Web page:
Chicken wings and pool noodles: How this Edmonton bar owner is preparing for hockey’s 'Battle of Alberta'
It’s been more than three decades since the Edmonton Oilers and Calgary Flames faced off in the National Hockey League Stanley Cup playoffs. To put that into perspective, when the two Albertan hockey rivals last met in the finals, Terminator 2: Judgment Day topped the box office and Bryan Adams’ "(Everything I Do) I Do It for You" led the Billboard Year-End Hot 100 singles list.
For restaurant and bar owners across the province who navigated COVID-related shutdowns and restrictions for more than two years, this isn’t just about the legendary matchup.
“This playoff round is going to make a huge difference for hospitality in Alberta. Any pubs that have a viewing party will get a much-needed revenue increase,” said Ernie Tsu, owner of Calgary-based Trolley 5 Brewpub and head of the Alberta Hospitality Association, over the phone.
“After two years of debt and being open and closed with COVID restrictions, every dollar counts right now.”
However, keeping up with the influx of hockey fans is easier said than done with many businesses still struggling with supply chain issues.
“We have a really big problem with getting Coors Light bottles here and it’s my best seller,” said Glenn Juhnke, owner of Edmonton-based Uncle Glenn's Eatery and Sports Pub, over the phone.
“For a month, I had a hard time finding it. I called suppliers every single day and when they finally had it in stock I bought everything that was there.”
But Juhnke said the challenges in ramping up his operation don’t stop there, with wholesale prices climbing for one particular pub food favourite.
“Chicken wings are up $50 a case, so if we go through two cases in a week, or even more during playoffs, then we have to pay an extra $100 on just wings,” said Juhnke.
Despite dishing out more cash to stock up on ingredients and drinks, Juhnke said his pub always benefits from the hordes of Oilers fans that have supported his bar for over 35 years.
“We’re probably doing double the business on out-of-town game nights, which is significant when you’re normally making $10,000 on a regular week,” said Juhnke.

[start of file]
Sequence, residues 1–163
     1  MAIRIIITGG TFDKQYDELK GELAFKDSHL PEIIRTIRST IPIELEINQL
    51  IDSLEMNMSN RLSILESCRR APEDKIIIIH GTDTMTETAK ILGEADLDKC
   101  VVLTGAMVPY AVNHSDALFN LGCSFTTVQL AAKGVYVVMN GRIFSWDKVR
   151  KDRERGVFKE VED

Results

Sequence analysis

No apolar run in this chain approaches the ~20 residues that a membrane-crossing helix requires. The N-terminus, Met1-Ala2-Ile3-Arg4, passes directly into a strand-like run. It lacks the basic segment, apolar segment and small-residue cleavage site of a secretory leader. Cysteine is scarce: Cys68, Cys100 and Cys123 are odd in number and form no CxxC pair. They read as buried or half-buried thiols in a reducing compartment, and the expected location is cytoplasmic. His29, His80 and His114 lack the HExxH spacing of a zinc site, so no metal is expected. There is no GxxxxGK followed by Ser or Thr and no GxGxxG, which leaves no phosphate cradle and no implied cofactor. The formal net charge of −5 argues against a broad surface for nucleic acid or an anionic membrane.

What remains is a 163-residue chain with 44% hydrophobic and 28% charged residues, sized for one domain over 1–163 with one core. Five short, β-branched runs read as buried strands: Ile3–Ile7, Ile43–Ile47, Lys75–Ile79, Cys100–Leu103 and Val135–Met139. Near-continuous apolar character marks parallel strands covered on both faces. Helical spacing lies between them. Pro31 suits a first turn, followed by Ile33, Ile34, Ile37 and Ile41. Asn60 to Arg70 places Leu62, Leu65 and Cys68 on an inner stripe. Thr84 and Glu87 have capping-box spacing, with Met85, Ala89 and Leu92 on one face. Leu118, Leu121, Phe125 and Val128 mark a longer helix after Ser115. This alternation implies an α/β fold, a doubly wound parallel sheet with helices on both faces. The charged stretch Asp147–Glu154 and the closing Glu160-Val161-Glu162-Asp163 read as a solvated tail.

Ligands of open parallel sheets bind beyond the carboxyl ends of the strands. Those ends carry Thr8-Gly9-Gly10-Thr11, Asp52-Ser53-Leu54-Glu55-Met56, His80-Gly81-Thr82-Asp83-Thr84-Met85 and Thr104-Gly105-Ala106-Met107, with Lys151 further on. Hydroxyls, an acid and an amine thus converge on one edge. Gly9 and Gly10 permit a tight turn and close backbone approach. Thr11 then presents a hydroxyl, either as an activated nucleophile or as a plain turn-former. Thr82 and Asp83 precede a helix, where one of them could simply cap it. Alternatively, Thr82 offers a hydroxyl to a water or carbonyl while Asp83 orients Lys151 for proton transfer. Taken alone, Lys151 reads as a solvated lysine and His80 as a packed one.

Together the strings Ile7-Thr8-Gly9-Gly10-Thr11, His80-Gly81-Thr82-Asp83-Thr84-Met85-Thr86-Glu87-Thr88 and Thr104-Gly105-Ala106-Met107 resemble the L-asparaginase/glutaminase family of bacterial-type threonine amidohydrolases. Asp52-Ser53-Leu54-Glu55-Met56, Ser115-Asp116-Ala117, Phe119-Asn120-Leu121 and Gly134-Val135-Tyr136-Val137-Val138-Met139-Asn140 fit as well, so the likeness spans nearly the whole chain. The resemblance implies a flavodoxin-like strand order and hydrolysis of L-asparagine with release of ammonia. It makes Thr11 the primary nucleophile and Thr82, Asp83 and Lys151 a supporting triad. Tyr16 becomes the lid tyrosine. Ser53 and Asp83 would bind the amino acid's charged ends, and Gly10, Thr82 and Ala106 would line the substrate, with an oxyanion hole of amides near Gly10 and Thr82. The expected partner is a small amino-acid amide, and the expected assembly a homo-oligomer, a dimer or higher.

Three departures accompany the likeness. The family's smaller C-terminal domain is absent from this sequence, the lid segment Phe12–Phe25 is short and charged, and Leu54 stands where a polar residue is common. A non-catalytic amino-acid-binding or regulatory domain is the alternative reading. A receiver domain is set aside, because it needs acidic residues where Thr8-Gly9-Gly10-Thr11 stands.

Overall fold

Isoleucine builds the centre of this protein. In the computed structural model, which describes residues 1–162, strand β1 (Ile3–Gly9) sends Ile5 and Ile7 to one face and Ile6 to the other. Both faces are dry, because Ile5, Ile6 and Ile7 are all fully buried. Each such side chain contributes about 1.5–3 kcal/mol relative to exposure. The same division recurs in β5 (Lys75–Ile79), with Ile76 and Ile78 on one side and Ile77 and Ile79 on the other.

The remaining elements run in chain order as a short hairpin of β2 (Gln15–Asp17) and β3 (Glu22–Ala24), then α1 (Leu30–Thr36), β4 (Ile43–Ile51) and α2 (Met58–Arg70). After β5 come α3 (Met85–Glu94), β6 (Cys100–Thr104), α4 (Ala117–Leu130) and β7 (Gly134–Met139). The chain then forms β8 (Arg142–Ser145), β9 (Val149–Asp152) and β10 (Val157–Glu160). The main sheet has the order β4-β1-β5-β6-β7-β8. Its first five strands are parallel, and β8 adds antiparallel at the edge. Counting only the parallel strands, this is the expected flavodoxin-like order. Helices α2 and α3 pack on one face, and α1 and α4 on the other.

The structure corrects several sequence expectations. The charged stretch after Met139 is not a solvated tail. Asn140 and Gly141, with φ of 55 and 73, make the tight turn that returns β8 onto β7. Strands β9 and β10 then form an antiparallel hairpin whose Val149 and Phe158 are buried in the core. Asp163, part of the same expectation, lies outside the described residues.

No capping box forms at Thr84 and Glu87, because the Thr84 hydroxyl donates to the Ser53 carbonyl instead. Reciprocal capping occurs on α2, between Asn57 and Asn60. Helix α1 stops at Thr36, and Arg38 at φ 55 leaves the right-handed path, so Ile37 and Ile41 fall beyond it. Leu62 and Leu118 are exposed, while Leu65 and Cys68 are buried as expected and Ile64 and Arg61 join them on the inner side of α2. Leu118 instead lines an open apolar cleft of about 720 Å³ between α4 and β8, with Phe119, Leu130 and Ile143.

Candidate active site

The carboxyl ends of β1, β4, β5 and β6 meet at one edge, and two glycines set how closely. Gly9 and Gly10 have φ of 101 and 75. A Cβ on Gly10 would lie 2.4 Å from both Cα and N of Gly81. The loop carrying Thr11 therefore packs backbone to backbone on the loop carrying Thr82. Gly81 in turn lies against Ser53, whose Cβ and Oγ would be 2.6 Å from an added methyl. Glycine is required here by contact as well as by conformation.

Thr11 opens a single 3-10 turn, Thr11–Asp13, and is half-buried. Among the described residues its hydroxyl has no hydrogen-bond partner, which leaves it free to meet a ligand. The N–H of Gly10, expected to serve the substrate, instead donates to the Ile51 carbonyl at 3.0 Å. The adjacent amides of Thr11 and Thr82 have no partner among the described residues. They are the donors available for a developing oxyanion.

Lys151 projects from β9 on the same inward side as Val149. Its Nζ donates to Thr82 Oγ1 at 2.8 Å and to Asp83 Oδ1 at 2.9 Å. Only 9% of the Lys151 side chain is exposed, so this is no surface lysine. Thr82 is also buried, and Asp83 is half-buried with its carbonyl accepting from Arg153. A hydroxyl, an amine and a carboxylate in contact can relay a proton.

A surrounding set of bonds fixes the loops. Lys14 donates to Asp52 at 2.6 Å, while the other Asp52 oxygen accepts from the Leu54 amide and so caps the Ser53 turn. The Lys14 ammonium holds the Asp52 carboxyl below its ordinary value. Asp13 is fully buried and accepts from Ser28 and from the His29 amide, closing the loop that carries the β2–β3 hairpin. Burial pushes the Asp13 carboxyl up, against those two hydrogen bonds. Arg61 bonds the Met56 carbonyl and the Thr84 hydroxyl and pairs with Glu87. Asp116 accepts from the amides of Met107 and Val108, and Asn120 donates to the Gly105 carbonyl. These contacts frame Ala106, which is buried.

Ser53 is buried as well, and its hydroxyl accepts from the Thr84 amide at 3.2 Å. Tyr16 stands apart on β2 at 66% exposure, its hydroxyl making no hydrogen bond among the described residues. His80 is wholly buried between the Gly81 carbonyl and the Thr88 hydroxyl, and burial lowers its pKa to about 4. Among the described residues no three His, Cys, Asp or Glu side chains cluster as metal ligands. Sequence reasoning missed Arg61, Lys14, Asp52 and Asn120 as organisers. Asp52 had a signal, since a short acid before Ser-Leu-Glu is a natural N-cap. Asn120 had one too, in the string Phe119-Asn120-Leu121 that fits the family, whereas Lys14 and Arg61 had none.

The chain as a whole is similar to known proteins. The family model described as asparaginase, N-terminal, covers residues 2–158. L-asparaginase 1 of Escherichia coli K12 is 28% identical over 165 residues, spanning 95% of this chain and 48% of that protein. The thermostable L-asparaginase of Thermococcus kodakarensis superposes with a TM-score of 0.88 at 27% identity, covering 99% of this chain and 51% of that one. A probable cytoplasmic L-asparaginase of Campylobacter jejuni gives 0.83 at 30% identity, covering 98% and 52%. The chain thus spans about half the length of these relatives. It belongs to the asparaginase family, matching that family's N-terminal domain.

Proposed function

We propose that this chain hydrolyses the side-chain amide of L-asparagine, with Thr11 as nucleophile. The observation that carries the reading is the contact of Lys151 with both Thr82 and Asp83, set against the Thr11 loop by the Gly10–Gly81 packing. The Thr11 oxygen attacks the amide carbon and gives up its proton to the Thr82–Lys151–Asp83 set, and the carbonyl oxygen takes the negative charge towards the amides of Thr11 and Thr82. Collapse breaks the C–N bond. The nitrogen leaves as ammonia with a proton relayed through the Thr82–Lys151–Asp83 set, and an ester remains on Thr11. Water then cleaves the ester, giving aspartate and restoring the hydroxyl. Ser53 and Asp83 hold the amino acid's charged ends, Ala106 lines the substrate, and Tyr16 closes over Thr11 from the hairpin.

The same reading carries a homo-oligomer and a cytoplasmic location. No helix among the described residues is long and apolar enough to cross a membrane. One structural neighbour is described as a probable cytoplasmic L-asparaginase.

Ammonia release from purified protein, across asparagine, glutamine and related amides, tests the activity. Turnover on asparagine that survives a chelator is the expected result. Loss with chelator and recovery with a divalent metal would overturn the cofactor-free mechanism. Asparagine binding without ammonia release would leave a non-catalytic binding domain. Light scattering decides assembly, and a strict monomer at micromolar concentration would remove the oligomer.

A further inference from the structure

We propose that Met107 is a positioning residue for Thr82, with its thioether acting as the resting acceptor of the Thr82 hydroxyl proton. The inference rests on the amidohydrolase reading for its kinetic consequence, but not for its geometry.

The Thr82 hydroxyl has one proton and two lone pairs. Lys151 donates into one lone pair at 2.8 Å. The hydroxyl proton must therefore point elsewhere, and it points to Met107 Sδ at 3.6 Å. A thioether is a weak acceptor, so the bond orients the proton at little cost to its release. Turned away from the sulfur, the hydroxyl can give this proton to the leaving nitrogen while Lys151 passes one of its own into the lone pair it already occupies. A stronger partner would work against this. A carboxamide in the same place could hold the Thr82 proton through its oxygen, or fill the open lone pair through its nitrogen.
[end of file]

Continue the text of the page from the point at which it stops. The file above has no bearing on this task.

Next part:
It’s not just restaurant and bar owners that are benefiting from the “Battle of Alberta” that’s taking place this year.
Norm O’Reilly, dean at the Graduate School of Business and professor of marketing and sport management at the University of Maine, said Canadian cities generate about $2- to $4-million in tourist revenue per home game during the playoffs, based on data that tracked the Ottawa Senators’ playoff series in 2017.
"If the Oilers-Flames playoffs go to game seven like they did in 1991, then that’s around $21 million total with $12 million in Calgary (since they started the second round there) and $9 million in Edmonton,” O’Reilly said via phone.
“This is a prime example of why house games matter -- you’re making tourist dollars from fans flying in, booking hotels and restaurants etc. This money wouldn’t be coming in unless the team was hosting a playoff game and that’s just another reason why making the Cup is so important.”
The two Albertan teams are the only Canadian groups left in the Stanley Cup playoffs and after the dramatic 9-6 victory for Calgary in the first game, many fans will be closely watching to see how the rival matchup unfolds.
“We have orange and blue pool noodles for everyone to cheer on the team. The atmosphere in the bar is really positive and this Battle of Alberta is going to be amazing for the province as a whole,” said Juhnke.